Schell, Language Arts
How much time do you
spend on the myths unit and its different components?
The myths unit takes about six weeks in all. I see this class
90 minutes a day, and every day we would do some kind of activity
related to a myth and Greek word stems. At the beginning of
the unit I give the students the puppet-making rubric. We
go to the computer lab to look up on-line puppet-making resources.
They have two weeks to make the puppet at home. (I stressed
using recycled materials - you don't have to go out and buy
things.) After school during those two weeks I host a puppet-making
workshop. It lasts an hour and anyone can come; students feed
off each other's ideas.
The scriptwriting can take three or four days.
I spend another day on how you breathe life into the puppet,
and then rehearsing can take three or four days. The performing
and videotaping takes another two days. Finally, we watch
what we've done, and critique it using the PPQ (praise, polish
and a question) technique.
How would you describe the academic level
of the students in your class?
This was an AAP (academically gifted) class,
but I did the same unit with a regular class, where skill
levels run the gamut. I didn't have that class make the puppets
at home because I was concerned about access to resources.
So we had everyone bring in a pillowcase and we animated that,
using techniques that Jennifer Larson, the theatre teacher,
taught us. That class still wrote and performed plays, and
did a great job. The scripts were fantastic. But those kids
were disappointed not to make puppets and the plays were harder
to understand because there were fewer visual cues using the
animated pillowcases - so next year everyone will do puppets.
What language arts and social studies criteria
did the scriptwriting address?
For language arts, I have a rubric that addresses
the fine details of writing that we’ve been covering,
including narrative components like a clear beginning, middle,
and end; characterization; and the details that reveal character,
like a hand gesture or a yawn, or a particular way that clothing
is warn. And kids know by this stage to be working with their
five senses in their writing, so we should see adverbs and
adjectives at this stage of the game.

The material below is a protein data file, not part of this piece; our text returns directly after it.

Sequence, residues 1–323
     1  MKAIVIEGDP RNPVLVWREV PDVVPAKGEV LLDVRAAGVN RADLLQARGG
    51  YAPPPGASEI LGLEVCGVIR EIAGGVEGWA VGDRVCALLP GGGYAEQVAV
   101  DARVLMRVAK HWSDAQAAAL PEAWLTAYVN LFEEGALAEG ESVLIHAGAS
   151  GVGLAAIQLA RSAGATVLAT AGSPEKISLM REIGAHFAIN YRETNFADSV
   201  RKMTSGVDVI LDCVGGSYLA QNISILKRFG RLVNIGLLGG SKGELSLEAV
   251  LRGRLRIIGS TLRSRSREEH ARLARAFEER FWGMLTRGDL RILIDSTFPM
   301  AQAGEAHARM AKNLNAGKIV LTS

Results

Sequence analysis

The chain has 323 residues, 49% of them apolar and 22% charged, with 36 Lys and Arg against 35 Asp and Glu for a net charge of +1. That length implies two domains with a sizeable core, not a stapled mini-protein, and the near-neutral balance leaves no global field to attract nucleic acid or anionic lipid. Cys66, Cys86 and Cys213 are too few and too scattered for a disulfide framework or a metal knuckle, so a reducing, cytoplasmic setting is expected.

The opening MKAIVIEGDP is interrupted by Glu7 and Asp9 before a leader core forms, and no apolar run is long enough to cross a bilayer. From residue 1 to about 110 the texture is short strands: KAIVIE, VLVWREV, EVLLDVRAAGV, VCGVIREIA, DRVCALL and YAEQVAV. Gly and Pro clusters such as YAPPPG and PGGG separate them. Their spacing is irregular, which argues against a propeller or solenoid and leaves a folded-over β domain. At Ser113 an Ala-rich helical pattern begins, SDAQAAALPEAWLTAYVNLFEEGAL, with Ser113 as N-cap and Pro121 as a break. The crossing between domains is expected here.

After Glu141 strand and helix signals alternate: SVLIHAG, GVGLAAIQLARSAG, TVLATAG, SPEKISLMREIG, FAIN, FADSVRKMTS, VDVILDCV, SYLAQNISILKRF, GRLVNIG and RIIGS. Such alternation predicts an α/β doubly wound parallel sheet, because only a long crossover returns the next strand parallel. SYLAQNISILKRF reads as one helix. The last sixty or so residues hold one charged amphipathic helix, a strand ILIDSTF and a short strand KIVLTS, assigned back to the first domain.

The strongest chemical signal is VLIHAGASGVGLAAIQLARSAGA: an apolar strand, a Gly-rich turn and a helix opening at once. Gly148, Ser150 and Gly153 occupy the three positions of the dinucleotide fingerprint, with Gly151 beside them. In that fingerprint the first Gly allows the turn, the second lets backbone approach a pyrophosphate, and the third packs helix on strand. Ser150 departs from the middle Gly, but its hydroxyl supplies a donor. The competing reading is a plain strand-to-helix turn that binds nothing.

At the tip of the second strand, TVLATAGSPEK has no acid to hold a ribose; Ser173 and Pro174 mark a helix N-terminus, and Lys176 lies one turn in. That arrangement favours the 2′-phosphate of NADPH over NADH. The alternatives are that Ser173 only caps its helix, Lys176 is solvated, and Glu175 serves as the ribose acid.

The scripts have to meet social studies goals
as well as C the students have to mention three places or
activities from ancient Greece, like the Olympics, going to
the agora (marketplace), lion fights at the Coliseum. So the
students get a grade from the social studies teacher as well.
What challenges did you face
with this unit? How will you approach it differently the next
time you do it?
In the future, I'll only do hand and rod puppets
- no more marionettes or shadow puppets, because those require
different types of stages, and that was difficult. And this
year I'm going to work with a puppetry theatre group here
in Columbia, and we may do a field trip to watch a professional
marionette performance there.
I'd like to invite other classes in when we
perform, and also air one or two of the plays on the school's
in-house morning television program. We've done that before
and it's been successful.
How do you make time to plan and teach with
the classroom teachers who want to work with you?
My planning with teachers starts in the summer
before school begins, during teacher planning days. I make
a point of putting a note in teachers’ boxes that I
am available and would love to work together on a variety
of levels. I include ideas and projects that have worked in
I also make a short speech at the first faculty
meeting. I let all teachers know that I would love to do some
cross-curriculum planning with them. I tell them there is
a script out there addressing almost every topic, and if it
does not exist, we can produce an original script with the
After this, most of the planning occurs unit-to-unit,
lesson-to-lesson. You just have to make the time, love to
share your art, and know that some positive energy always
How do you engage non-drama students
when you visit other classrooms?
excitement, energy, and enthusiasm! When I was asked to kick
off a language arts unit on Julius
Caesar at the local high school, I walked in with a
soothsayer costume on and some eerie background music. The
teacher turned off the lights and I lit a candle and gathered
the students close to me on the floor to tell them the story
of the play. Really, all I did was explain the plot, using
character acting. But at the end when I continued to yell
“Beware the Ides of March!” over and over again
and then blew out the candle and stood up, students were hanging
on every word. I had not mentioned Shakespeare, acting, or
any factual history. A little bit of theatre will go a long
way to engaging non-drama students.
In the program, we see Helen’s class
doing a PPQ critique. What are some of the critiquing methods
that you use in your own classroom?
I use a similar oral
and written critique method called “Two Stars and A
Wish.” Generally, I ask students to find two positive
things about every performance and then one piece of constructive